Upon a request from a reader, I thought I’d divulge a bit about the tech that we use to power our mobile lifestyles. Thus far we’ve been everywhere from middle-of-nowhere to downtown-big-city, and plenty of small towns and truck stops in between. This country is vast, broad and often times sparse with cell towers, but thus far we’ve had pretty good luck staying connected to the Internet as often as we need to be. A few quick notes:
- AT&T is more ubiquitous than Sprint, but Sprint is a faster, more reliable network.
- WiFi has not caught on across the country: it doesn’t even exist in many places, and more and more in the places that it does exist, people are locking their WiFi down.
This post will be part of a four-part series. Today I’ll discuss some general thoughts on being a web worker and what you can expect if you set off on your own adventure.
There Isn’t a Whole Lot of Free Internet Out There
The city of Pittsburgh is stuffed with free WiFi access. Many individuals leave there wireless networks open: which, while exposing them to vulnerabilities from sneaky hackers out to steal their mp3 collections, also does a great service to the world. “Stealing” WiFi from your neighbor isn’t much worse than “stealing” the ambient glow his porch light sheds on your porch: it’s there already and you using it doesn’t affect him much at all. Particularly in cities, where broadband speeds are high enough that we don’t typically use them fully for anything, it’s not noticeable. Pittsburgh also has a great tendency for coffee shops and their ilk to provide absolutely free WiFi.
By “absolutely free” I mean you don’t have to pay anything (including buying something from the store first) and you don’t have to login to any provider’s site. Memphis wasn’t like this, in fact Memphis had relatively little free WiFi access at all, and Austin providers typically want you to log in and will often restrict how long you can use their free hotspots. Portland, OR is another city that has plenty of truly free WiFi.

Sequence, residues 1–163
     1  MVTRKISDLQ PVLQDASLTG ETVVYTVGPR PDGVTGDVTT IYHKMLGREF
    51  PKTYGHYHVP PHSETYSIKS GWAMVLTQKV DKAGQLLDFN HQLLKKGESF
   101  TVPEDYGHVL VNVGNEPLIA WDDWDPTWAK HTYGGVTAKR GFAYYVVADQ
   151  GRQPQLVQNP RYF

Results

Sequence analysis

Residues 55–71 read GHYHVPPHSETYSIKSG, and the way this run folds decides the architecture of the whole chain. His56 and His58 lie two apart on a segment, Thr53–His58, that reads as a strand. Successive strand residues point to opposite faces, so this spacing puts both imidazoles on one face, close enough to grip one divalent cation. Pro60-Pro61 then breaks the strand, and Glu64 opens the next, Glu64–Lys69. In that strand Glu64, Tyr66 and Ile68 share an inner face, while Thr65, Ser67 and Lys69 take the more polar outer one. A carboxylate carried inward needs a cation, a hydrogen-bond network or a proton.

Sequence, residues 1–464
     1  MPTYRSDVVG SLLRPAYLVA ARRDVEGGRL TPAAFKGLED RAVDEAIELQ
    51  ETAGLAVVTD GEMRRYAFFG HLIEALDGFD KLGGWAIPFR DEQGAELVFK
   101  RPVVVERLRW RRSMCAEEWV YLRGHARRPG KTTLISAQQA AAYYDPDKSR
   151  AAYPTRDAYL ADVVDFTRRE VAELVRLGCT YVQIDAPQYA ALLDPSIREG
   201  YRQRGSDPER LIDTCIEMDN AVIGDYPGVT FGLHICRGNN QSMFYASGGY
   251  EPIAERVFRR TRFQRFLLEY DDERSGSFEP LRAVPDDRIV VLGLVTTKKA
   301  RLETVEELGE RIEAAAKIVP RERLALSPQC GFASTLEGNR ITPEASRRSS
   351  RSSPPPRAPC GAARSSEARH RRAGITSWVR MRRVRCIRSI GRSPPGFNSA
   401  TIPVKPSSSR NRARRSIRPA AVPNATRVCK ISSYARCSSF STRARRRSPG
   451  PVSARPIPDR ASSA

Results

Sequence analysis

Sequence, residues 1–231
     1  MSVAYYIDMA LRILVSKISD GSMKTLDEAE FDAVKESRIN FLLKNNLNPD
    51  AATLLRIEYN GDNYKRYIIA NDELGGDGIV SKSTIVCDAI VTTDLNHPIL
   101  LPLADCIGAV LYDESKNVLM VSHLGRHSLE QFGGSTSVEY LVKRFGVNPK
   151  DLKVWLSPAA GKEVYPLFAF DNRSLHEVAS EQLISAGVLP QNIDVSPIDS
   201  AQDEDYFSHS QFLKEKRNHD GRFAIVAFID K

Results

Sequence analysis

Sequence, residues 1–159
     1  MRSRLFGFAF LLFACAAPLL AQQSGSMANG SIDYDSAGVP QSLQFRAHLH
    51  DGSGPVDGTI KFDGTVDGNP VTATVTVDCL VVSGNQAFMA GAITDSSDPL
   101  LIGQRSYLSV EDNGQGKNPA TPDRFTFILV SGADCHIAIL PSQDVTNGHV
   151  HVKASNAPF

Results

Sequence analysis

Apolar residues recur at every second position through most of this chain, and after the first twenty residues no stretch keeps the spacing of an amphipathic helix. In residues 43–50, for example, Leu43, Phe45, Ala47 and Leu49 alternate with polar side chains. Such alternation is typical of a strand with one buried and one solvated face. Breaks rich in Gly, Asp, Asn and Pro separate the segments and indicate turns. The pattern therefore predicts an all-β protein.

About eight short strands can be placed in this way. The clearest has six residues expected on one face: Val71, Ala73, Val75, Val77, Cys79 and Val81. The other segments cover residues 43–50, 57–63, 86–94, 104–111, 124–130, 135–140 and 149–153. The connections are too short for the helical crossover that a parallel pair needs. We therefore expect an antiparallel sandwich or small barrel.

Once you get outside of the big cities, though, you’ll be desperate to find a connection. While home’s will often have unprotected hotspots leaking out of their houses, just try and sit on someone’s porch and checking your Gmail. If you aren’t kicked off of their property in the first 15 minutes, you’ll be shot at in the first 10. The idea of a “cafe” in most small towns is also unheard of as well, so you’ll have to look around a bit to find a free spot.
What’s a Poor Boy to Do?
The best place to look, regardless of the size of the town you’re in, is the local public library. They very often have free WiFi, typically have no limits to the length of time you can use it, and not many people get bothered at the library.
I’m Not Worried, I’ve got a Data Card
Also known as aircards, data cards are basically devices that allow you to connect to wireless networks like AT&T’s 3G or EDGE networks, or Sprint’s EVDO. These are great, and work wonderfully in towns and cities, but just like your cell phone, they cut out once you get into cow country.
Out of maybe 24 different places we’ve stayed thus far, though, I’ve only not been able to get connection on my Sprint card once (very shakey connection with AT&T in that area as well) which was deep into Pennsylvania farm territory. Due to this, I suspect that the majority of the Northeast, the South, the Great Lakes and the West Coast will have connection. If you’re in a red state, though, God help you if you get more than a few miles outside of the town limits.
Planning for the Internet
You could easily travel indefinitely in your RV and never be forced to go without the Internet, but you will be restricted compared to those without the need to constantly be connected. If you want to delve deep into Yellowstone, for example, don’t count on getting a connection. If you don’t mind hanging around towns and truck stops, though, you’ll likely never go without. Personally, I have the mindset that I need to work, but I don’t need to work every day. So if we want to spend say, a week in the middle of the desert, I can plan my work schedule around that.
You can also research what type of connectivity you can expect to get from the different cell providers by using their maps:
Over the next couple of days I’ll be covering How to Connect to the Web via your Cell Phone, Creating a Wireless Network in your RV with Time Capsule, and How to Prepare for No WiFi.